While a message of comity may be appealing to many Americans, a majority of the public consistently gives poor marks to Trump for his tone and demeanor.
In a January NBC/Wall Street Journal poll, 58 percent of Americans gave Trump poor marks for "having high personal and ethical standards." In the same poll, only 28 percent said that they were "extremely" or "quite" confident that Trump has the right set of personal characteristics to be president.
Long before he ran for president, Trump highlighted his tendency to hit back at his foes as “a way of life.”
“When someone attacks me, I always attack back ... except 100x more," he tweeted in November 2012. "This has nothing to do with a tirade but rather, a way of life!”
Fact check: Trump says he's added 5.3 million jobs
"We have created 5.3 million new jobs," Trump said during his State of the Union address.
Trump is taking credit for the job gains in the final months of his predecessor's administration, starting the clock on job gains from his election — not his inauguration.
Since Trump has been in office, total nonfarm employment has grown by nearly 4.9 million. The 5.3 million data point includes gains in between his election on Nov. 8, 2016 and his inauguration on Jan. 20, 2017.
Fact check: Trump says 'countless Americans' are murdered by 'criminal illegal aliens'
In his address, Trump claimed that "countless Americans" are murdered by "criminal illegal aliens."
There isn’t good data on homicides specifically in the United States, but there's no evidence that immigrants commit more crimes than American-born residents.
Previous empirical research shows that "immigrants do not increase local crime rates, are less likely to cause crime than their native-born peers, and are less likely to be incarcerated than native-born Americans," according to the Libertarian-leaning Cato Institute.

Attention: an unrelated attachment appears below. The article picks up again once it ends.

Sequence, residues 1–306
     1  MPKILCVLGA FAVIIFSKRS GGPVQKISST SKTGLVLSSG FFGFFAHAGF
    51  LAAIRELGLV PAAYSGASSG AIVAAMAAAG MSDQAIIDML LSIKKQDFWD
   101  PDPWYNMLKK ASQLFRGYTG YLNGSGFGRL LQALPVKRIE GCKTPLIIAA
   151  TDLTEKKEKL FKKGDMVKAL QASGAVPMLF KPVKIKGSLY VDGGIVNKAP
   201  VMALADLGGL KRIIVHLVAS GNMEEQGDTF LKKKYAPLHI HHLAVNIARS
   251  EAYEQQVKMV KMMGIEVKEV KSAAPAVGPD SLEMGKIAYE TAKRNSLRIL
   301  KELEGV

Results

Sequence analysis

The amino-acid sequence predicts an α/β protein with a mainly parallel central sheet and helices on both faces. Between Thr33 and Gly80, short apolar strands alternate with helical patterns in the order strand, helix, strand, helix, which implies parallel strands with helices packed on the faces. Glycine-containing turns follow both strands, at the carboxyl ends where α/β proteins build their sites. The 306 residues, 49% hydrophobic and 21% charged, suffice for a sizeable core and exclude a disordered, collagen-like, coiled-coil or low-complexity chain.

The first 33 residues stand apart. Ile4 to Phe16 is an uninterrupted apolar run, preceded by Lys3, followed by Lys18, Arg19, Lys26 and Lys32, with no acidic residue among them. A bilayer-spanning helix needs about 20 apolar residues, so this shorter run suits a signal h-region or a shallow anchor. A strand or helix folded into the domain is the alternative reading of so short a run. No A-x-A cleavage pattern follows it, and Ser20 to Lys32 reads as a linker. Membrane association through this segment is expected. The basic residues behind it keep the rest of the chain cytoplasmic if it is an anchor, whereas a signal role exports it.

Trump has previously circulated a claim backed by Rep. Steve King, R-Iowa, that 63,000 Americans have been killed by undocumented immigrants since 9/11, but that number has since been debunked.
PolitiFact has extrapolated from existing data sources that the number of homicides committed by undocumented immigrants may be between 450-600 per year. But again, those are guesses, not based on national data sources.
Analysis: The contrast between Trump's speech and Abrams'
Trump was fast and furious with the facts in his speech. He spent a good chunk of his time discussing the sanctity of life. However, the Trump administration's disregard for children’s safety at the border demonstrates how his commitment to the most vulnerable is vacuous. In fact, the United Nations has declared the atrocity at the border to be a violation of children’s universal rights.
By contrast, Stacy Abrams laid out American values and the need for being fair and compassionate. She mentioned caged children. She asked for the president to speak truth, but most importantly, she reminded us of what makes our democracy thrive: the voting booth.
Voting — access to the voting booth — is one of the few issues that cuts through political stripes. Americans, regardless if they’re Republican or Democrats, believe in fair access to the vote.
Maria Teresa Kumar is the CEO of the civic media group Voto Latino.
Analysis: A ritual of state lacking in credibility